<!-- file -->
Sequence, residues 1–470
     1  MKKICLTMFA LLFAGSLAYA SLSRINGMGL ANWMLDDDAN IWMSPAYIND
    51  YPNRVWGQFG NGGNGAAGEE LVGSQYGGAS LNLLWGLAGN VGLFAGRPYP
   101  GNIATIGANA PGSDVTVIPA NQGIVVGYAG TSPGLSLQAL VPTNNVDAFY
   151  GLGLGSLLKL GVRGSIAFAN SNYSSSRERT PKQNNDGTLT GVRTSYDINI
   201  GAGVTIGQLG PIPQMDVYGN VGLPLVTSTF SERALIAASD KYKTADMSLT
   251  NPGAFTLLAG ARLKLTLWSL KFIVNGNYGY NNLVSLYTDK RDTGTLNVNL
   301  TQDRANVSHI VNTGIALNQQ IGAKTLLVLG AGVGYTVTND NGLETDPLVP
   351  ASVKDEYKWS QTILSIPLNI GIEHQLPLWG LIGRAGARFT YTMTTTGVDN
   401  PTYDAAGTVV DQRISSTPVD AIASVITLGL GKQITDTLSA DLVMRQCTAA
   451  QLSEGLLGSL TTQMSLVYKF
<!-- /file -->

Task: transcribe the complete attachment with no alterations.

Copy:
Sequence, residues 1–470
     1  MKKICLTMFA LLFAGSLAYA SLSRINGMGL ANWMLDDDAN IWMSPAYIND
    51  YPNRVWGQFG NGGNGAAGEE LVGSQYGGAS LNLLWGLAGN VGLFAGRPYP
   101  GNIATIGANA PGSDVTVIPA NQGIVVGYAG TSPGLSLQAL VPTNNVDAFY
   151  GLGLGSLLKL GVRGSIAFAN SNYSSSRERT PKQNNDGTLT GVRTSYDINI
   201  GAGVTIGQLG PIPQMDVYGN VGLPLVTSTF SERALIAASD KYKTADMSLT
   251  NPGAFTLLAG ARLKLTLWSL KFIVNGNYGY NNLVSLYTDK RDTGTLNVNL
   301  TQDRANVSHI VNTGIALNQQ IGAKTLLVLG AGVGYTVTND NGLETDPLVP
   351  ASVKDEYKWS QTILSIPLNI GIEHQLPLWG LIGRAGARFT YTMTTTGVDN
   401  PTYDAAGTVV DQRISSTPVD AIASVITLGL GKQITDTLSA DLVMRQCTAA
   451  QLSEGLLGSL TTQMSLVYKF